Date: 2018-06-22 17:48:16
This year, we were fortunate enough to watch the life of Sehmat in the movie Raazi unfold on the big screen and it made me think, how many other's like Sehmat still remain, whose stories have been buried under the mysteries of time?
Noor Inayat Khan, have you ever heard her name? If your answer is 'no' then don't worry because you are part of the majority. Have you heard of the legendary Tipu Sultan? I am sure most of you have, at least I hope you do. Well, Noor was the descendant of Tipu Sultan and her father was of Indian descent while her mother was American.
Her father, Inayat Khan came from a noble Indian Muslim family and his mother was the descendant of the uncle of Tipu Sultan, the ruler of the Kingdom of Mysore. He met Noor's mother, Ora Ray Baker during his travels in the United States. She later changed her name to Pirani Ameena Begum. Inayat Khan lived in Europe as a musician and teacher of Sufism.
Noor was the eldest of 4 children and was born in the year 1914 in Moscow. Her siblings were Vilayat, Hidayat and Khair-un-nisa, all of whom lived a long life and died more or less recently. The family lived in France and their house was called 'Fazal Manzil' or the house of blessing.
As a child, she would write many poems and after her father's death in 1927, she took the responsibility of taking care of her grief-stricken mother and her younger siblings. She studied child psychology at Sorbonne and music at the Paris Conservatory. In 1939, her book 'Twenty Jataka tales' inspired by the Jataka tales of the Buddhist tradition was published.
Fate had other plans for this shy, sensitive and dreamy young girl. After the outbreak of the Second World War, when France was overrun by German troops, the family fled to Bordeaux and, from there by sea, to England, landing in Falmouth, Cornwall, on 22 June 1940.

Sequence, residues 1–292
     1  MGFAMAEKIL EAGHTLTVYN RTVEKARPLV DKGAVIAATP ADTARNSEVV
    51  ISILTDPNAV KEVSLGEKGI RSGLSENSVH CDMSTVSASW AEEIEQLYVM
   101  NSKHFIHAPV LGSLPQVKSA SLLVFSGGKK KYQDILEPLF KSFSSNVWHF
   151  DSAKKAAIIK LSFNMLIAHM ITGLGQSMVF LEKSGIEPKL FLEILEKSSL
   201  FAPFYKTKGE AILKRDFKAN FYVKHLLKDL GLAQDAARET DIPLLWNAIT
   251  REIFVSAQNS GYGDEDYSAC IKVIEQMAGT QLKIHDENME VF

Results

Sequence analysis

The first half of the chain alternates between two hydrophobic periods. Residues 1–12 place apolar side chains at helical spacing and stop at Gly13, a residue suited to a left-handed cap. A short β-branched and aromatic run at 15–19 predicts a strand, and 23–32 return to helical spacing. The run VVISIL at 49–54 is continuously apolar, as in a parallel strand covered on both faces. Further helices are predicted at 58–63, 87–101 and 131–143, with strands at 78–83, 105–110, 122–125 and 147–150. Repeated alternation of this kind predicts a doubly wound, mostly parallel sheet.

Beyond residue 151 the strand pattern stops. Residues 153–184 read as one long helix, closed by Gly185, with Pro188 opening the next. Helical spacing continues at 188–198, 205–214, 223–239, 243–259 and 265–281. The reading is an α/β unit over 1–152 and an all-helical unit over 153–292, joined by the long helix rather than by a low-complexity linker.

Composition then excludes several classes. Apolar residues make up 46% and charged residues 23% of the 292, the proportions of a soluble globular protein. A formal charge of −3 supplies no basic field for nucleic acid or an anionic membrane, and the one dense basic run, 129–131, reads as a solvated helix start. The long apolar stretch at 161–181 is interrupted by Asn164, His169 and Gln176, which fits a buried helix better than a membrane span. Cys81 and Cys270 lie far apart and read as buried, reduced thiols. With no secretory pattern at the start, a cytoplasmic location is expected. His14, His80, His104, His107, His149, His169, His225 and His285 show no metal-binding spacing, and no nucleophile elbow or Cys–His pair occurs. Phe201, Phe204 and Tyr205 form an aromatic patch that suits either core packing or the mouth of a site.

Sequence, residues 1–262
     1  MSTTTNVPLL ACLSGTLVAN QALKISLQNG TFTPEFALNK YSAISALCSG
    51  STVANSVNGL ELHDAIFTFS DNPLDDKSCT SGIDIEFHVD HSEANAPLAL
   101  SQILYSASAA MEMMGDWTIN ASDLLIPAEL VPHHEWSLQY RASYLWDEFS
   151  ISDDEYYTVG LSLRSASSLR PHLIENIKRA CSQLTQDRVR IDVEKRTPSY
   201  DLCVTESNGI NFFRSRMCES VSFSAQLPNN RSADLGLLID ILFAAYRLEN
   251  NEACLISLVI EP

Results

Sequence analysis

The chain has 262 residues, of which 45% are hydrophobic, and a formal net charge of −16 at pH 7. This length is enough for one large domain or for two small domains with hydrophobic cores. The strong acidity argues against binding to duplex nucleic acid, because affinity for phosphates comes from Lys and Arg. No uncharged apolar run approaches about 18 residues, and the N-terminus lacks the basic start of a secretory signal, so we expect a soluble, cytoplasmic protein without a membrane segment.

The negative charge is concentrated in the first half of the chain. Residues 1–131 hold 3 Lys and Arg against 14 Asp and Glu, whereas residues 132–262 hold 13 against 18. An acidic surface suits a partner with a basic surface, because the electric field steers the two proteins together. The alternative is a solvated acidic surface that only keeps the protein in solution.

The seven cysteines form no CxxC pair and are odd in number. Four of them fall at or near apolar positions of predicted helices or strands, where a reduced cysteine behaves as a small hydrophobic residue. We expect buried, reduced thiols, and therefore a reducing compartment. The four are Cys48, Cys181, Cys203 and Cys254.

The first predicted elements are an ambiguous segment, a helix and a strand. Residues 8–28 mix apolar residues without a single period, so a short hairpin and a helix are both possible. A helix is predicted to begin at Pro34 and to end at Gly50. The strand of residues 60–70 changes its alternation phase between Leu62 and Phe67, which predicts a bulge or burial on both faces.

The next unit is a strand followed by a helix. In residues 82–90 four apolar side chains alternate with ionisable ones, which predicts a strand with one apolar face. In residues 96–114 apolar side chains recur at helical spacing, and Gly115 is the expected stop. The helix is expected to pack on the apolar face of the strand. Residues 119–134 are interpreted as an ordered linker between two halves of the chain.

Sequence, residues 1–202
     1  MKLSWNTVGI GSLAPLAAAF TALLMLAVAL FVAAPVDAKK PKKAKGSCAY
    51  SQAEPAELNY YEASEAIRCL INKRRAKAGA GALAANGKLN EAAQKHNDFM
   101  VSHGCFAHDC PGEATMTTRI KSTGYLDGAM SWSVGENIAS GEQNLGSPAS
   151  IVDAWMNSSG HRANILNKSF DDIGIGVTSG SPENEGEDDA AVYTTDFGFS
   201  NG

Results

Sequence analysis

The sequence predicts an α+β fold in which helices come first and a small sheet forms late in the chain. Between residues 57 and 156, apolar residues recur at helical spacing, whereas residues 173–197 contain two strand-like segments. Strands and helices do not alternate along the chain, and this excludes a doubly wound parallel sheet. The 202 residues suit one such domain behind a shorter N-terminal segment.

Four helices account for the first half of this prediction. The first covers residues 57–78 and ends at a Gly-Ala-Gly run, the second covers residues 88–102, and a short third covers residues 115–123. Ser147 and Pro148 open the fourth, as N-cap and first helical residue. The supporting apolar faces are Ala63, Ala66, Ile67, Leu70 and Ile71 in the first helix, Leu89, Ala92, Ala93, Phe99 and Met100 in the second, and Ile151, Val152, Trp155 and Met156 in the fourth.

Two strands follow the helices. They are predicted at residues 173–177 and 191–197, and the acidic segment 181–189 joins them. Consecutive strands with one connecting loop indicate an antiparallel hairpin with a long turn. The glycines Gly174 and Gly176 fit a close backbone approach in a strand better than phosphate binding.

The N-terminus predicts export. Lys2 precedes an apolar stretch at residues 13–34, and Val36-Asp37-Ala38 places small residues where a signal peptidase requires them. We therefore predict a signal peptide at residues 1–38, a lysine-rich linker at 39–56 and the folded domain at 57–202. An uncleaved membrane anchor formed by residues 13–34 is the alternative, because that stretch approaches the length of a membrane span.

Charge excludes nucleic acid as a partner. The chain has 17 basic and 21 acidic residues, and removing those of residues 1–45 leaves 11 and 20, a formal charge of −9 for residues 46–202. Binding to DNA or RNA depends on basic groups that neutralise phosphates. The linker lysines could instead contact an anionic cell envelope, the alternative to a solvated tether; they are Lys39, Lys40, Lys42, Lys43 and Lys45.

Khan was recruited to join F (France) Section of the Special Operations Executive and in early February 1943 she was posted to the Air Ministry, and sent to Wanborough Manor, near Guildford in Surrey, after which she was sent to Aylesbury, in Buckinghamshire, for special training as a wireless operator in occupied territory.
She would be the first woman to be sent over in that capacity, all the woman agents before her having been sent as couriers.
Inayat Khan was betrayed to the Germans, either by Henri Dericourt or Renee Garry. On or around 13 October 1943, Khan was arrested and interrogated at the SD Headquarters at 84 Avenue Foch in Paris. During that time, she attempted to escape twice. Hans Kieffer, the former head of the SD in Paris, testified after the war that she did not give the Gestapo a single piece of information but lied consistently.
Inayat Khan was abruptly transferred to Dachau concentration camp with fellow agents Yolande Beekman, Madeleine Damerment and Eliane Plewman, and at dawn on the following morning, 13 September, the four women were executed.
She was posthumously honored with the George Cross by the British government and the Croix de Guerre. She is the first Asian woman to be commemorated in Britain with a memorial.
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